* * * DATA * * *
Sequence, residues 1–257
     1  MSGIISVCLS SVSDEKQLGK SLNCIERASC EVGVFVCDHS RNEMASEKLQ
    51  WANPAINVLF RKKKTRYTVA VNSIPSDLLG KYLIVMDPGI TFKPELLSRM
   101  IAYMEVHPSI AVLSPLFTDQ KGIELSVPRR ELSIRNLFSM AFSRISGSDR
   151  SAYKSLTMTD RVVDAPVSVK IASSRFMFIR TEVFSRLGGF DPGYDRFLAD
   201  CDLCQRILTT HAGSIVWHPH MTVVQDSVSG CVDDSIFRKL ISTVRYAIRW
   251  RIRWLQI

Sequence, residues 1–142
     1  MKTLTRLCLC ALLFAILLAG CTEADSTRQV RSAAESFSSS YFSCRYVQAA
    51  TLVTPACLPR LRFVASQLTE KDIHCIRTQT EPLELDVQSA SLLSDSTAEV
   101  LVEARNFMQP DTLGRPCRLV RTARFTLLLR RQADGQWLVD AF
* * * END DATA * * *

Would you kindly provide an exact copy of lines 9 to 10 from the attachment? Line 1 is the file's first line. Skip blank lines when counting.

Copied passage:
     1  MKTLTRLCLC ALLFAILLAG CTEADSTRQV RSAAESFSSS YFSCRYVQAA
    51  TLVTPACLPR LRFVASQLTE KDIHCIRTQT EPLELDVQSA SLLSDSTAEV